July 13, 2021

New project in Ireland to focus on wind farm biodiversity benefits

A new nature and energy project will focus on developing an action plan and combining it with an environmental monitoring system. The new project launched in Ireland explores the means of accounting for the value of nature on wind farms and creating a monitoring system across Ireland that will transform how we measure biodiversity.

The Nature+Energy project is managed by MaREI, the SFI Research Centre for Energy and Climate and Marine groups in Trinity and Maynooth University. The group will focus on developing natural capital accounts and a biodiversity action plan for the wind industry, enabling the creation of biodiversity enhancing measures and help towards managing the impacts of wind farm development on certain species.
The project has secured funding from Wind Energy Ireland and eight independent renewable energy businesses across the nation.

Ian Donohue, the project coordinator and lead professor at the Trinity College Dublin School of Natural Sciences, explains that the project developed with the belief that wind farms have the potential to generate more than just renewable energy. Donohue states that if done correctly, the biodiversity surrounding onshore wind farms could reduce the level of carbon released into the atmosphere. At the same time, improve the resilience of our ecosystems to the impacts of climate change by strengthening and protecting the ecosystem processes that happen naturally in the environment.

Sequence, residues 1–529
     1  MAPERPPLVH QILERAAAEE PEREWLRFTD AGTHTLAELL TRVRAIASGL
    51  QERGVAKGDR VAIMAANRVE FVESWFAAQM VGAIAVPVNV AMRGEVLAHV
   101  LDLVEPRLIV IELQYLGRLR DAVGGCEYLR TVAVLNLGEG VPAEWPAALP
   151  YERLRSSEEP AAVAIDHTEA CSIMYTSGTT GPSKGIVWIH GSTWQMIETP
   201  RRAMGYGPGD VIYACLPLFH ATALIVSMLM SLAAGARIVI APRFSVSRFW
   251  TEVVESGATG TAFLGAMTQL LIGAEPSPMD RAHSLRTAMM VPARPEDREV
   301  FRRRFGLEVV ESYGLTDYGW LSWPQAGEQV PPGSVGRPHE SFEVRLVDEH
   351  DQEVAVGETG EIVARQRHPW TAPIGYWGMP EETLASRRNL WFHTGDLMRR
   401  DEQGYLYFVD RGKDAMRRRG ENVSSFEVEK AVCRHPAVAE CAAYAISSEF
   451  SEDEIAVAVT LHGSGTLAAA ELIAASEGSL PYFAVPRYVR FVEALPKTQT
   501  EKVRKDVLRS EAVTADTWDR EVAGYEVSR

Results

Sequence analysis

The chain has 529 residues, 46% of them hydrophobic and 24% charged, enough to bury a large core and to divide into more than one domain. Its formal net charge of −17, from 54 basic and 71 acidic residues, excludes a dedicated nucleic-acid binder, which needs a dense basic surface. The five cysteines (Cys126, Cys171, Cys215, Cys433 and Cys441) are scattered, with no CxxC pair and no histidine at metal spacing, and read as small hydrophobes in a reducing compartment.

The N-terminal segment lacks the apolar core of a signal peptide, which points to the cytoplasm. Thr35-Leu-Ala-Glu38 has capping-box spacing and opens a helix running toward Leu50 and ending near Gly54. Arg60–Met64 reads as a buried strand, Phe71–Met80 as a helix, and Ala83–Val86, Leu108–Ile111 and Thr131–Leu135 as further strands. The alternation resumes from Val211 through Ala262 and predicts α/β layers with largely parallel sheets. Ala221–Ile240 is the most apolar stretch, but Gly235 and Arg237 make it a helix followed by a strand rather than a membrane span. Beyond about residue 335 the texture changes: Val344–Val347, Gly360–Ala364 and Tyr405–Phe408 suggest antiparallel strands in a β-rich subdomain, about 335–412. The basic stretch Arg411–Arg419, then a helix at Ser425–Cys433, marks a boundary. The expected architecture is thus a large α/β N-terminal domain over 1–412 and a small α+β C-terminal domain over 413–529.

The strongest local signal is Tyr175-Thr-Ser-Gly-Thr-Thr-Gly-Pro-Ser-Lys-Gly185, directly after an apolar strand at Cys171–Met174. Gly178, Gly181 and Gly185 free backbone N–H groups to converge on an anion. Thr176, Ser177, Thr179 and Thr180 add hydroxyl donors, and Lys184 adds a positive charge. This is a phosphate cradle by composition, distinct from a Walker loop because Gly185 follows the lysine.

Donohue refers to wind sites as potentially acting as small-scale reserves across Ireland. Climate change, combined with the impact on biodiversity and two major environmental crises facing all of humanity. By implementing measures that focus on solutions, this project showcases how researchers and industry groups can collaborate to create a mutually beneficial outcome for our economy and the environment.

Brian O Gallachoir, the MaREI director professor of energy engineering at University College Cork, stated that he was delighted and excited by the launch of the MaREI project. Gallachoir explains that Ireland is a global leader in managing the challenges of integrating wind energy into power systems and highlights the significant resource of wind in Ireland.

O Gallachoir points out that government policy is forecast to double the existing wind power levels by 2030. Nature+Energy will support the ability for this growth to take place in a way that protects our biodiversity.